Aerotropolis Supply Chain Advantage
March 25, 2014 - SCMR Editorial
As noted in today’s news section, airports with new infrastructure and access to population centers will remain dominant in the air cargo arena.
The top three “aerotropolis” districts—the areas surrounding these cargo-intense airports—stand out in JLL’s annual “Airport Outlook Report.”
1. Chicago O’Hare (ORD) moves to the top position, up from second in last year’s index. Infrastructure is a priority, with new cargo facilities planned that offer both airside and landside access. For supply chain executives, the greater Chicago market offers six major railroad connections, and is a one-day drive to nearly a third of North American consumers. This positions ORD as a gateway of choice- and investors are noticing that buildings are commanding higher rents than ever before within a 3-mile radius from ORD.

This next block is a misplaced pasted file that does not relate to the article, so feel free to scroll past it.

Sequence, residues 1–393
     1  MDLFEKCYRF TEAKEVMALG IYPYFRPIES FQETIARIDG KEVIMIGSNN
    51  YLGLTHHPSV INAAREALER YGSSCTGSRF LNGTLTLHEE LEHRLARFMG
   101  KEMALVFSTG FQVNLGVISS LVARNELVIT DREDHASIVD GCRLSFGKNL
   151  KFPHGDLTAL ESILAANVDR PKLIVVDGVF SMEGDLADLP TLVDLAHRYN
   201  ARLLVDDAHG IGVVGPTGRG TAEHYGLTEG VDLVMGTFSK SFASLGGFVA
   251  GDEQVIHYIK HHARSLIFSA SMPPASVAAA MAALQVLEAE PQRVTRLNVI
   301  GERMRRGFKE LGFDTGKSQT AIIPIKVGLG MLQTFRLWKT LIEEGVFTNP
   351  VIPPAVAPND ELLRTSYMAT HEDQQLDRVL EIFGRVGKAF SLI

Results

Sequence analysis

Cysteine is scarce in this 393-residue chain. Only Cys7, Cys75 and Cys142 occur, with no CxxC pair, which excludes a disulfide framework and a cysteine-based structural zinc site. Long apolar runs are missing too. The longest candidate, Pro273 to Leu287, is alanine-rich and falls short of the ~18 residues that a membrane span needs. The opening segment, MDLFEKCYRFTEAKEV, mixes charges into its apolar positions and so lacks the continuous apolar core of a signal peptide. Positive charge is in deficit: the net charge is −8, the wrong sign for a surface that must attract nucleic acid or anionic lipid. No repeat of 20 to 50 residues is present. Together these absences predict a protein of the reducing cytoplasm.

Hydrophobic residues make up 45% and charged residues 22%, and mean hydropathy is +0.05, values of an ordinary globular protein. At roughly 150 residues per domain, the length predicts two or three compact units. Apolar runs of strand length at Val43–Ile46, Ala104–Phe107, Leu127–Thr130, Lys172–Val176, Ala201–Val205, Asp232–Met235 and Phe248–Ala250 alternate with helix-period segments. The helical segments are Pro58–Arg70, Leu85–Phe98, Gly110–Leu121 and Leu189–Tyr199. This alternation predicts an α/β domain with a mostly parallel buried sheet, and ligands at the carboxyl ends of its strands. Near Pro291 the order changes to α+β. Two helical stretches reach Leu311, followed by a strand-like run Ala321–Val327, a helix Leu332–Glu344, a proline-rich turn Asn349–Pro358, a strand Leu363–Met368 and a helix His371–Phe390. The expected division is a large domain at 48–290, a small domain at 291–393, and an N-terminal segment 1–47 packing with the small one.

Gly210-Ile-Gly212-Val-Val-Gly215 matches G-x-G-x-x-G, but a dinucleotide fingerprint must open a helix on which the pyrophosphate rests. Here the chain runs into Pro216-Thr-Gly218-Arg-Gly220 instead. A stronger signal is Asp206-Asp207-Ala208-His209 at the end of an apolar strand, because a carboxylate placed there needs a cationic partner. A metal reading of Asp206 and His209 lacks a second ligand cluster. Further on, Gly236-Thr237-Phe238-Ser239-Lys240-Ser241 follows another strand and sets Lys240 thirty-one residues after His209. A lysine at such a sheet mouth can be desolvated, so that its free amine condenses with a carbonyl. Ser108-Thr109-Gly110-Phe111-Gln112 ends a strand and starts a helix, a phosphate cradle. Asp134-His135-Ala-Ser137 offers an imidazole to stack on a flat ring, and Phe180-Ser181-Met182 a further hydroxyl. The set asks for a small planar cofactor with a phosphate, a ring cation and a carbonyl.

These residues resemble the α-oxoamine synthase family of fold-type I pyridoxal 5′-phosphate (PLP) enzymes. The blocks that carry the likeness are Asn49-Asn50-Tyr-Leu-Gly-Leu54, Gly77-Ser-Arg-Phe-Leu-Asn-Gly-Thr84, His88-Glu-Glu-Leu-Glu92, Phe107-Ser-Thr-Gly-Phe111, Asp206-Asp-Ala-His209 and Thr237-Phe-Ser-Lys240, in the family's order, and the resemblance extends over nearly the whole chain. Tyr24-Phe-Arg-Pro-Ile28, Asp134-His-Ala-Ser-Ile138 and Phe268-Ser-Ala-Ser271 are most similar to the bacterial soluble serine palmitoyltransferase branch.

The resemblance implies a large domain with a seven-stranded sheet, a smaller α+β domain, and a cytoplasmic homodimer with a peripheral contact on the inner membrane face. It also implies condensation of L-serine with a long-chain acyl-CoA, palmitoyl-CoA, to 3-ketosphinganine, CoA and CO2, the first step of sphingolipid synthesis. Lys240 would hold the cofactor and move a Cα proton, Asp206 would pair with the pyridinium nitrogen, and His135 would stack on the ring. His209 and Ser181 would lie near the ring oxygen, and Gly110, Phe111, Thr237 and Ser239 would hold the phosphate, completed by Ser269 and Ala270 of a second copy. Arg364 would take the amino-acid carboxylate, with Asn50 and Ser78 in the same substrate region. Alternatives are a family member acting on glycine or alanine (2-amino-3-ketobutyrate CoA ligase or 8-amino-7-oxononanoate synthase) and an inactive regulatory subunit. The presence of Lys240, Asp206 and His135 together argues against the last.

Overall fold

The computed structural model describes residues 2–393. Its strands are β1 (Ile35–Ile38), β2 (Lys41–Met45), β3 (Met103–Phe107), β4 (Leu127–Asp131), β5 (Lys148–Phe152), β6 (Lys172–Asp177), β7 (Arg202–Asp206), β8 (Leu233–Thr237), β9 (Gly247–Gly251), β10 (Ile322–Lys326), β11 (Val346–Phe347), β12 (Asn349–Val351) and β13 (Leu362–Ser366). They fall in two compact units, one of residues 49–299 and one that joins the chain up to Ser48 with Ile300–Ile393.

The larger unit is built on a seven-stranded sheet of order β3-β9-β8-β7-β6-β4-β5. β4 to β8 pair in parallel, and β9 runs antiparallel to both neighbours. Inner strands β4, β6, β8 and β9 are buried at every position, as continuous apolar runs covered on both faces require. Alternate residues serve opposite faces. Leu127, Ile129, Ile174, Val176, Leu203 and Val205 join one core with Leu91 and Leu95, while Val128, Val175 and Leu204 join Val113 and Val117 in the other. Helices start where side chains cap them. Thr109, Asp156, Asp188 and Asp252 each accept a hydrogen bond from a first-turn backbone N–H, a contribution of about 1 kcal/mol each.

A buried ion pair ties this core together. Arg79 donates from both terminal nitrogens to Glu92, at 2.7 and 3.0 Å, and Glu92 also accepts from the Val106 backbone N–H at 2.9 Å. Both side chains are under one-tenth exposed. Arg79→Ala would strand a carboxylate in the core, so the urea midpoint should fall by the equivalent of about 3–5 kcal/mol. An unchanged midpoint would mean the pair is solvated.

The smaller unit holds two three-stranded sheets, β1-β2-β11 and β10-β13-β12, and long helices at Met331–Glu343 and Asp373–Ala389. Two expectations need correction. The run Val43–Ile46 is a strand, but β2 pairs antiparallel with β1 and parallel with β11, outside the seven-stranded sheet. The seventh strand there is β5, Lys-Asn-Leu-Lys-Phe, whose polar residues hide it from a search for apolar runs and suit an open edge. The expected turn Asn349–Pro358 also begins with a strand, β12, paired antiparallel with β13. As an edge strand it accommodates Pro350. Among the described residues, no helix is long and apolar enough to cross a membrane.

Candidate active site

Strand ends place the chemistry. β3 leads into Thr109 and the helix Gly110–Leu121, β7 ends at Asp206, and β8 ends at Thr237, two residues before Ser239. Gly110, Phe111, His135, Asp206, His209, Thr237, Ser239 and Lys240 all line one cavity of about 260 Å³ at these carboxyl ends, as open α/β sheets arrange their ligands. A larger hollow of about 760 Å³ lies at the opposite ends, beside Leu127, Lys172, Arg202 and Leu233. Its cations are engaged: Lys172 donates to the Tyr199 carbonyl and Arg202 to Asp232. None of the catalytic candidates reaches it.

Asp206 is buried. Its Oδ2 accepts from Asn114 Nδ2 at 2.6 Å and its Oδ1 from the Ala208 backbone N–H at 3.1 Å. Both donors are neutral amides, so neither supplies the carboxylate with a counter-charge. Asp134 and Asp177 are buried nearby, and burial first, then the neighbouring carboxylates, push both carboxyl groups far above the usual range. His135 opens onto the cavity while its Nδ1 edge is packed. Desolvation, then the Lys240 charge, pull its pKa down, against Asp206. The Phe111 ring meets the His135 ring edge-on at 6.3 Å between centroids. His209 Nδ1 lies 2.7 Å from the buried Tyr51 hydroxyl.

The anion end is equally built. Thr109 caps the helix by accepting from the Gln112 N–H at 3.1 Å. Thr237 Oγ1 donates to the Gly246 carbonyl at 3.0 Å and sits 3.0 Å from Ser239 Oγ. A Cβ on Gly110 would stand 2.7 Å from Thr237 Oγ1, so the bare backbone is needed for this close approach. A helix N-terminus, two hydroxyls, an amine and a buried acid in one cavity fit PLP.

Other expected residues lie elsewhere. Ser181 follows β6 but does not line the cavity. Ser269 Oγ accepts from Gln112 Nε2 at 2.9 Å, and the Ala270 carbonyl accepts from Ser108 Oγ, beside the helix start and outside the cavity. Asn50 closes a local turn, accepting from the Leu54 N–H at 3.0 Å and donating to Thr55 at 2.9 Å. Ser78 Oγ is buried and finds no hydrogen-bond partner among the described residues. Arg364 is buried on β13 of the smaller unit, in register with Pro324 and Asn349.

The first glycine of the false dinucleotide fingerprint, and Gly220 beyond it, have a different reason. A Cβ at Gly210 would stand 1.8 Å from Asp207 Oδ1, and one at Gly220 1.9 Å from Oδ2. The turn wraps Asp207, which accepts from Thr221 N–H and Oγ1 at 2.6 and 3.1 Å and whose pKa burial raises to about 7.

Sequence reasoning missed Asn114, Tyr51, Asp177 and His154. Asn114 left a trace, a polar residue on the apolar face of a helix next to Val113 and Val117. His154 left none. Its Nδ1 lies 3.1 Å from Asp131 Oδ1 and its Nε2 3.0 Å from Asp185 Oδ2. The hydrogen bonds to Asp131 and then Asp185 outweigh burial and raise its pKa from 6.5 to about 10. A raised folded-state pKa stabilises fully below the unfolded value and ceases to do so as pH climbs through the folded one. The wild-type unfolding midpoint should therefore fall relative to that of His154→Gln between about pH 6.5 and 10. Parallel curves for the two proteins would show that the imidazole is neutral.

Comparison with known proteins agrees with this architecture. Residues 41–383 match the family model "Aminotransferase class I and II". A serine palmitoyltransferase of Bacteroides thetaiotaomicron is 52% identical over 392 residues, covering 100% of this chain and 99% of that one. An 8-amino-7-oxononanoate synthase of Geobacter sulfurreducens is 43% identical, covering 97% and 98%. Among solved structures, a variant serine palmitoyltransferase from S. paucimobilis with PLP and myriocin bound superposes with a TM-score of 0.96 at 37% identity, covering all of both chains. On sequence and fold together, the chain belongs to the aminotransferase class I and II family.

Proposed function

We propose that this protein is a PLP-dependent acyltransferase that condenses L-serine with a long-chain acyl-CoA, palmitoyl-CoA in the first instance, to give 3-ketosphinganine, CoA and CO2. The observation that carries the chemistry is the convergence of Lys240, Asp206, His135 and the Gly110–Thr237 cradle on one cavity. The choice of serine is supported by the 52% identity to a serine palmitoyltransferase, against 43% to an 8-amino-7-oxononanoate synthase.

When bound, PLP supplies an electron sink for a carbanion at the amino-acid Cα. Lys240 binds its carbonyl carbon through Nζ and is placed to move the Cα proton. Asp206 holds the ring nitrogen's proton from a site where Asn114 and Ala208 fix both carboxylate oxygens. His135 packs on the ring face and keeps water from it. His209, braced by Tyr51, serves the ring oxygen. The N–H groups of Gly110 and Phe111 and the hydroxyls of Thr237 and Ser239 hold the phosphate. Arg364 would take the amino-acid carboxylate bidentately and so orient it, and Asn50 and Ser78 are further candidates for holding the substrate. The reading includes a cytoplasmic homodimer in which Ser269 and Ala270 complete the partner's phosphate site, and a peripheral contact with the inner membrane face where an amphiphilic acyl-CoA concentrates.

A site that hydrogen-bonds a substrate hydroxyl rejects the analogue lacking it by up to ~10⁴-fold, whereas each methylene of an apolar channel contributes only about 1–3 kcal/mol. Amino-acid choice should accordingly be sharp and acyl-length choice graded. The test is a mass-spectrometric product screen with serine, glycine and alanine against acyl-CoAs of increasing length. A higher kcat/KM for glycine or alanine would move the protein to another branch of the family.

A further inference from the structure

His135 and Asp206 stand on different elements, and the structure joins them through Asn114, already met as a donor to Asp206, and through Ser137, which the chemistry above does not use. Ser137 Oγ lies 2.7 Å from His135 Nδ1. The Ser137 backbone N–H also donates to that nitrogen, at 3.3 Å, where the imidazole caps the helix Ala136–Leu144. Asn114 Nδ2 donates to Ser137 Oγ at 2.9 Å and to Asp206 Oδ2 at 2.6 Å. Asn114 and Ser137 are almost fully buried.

2. Miami (MIA) scores second highest in the index, down from the top position in last year’s report. The airport and surrounding businesses control the food and flower trade (moving 71.2 percent of all U.S. perishables) and the lack of a single dominant carrier makes room for enhanced competition and demand for real estate.
3. Los Angeles (LAX) moved up in the rankings from last year’s report, and now ranks third. Freight-forwarders were especially active near the airport in 2013, and real estate demand from logistics providers, consumer non-durables and food & beverage was notable throughout the surrounding market. China remains LAX’s largest trading partner, followed by Japan, Hong Kong, Thailand and South Korea; goods that enter through this access point help serve Los Angeles County’s ten-million-strong population.
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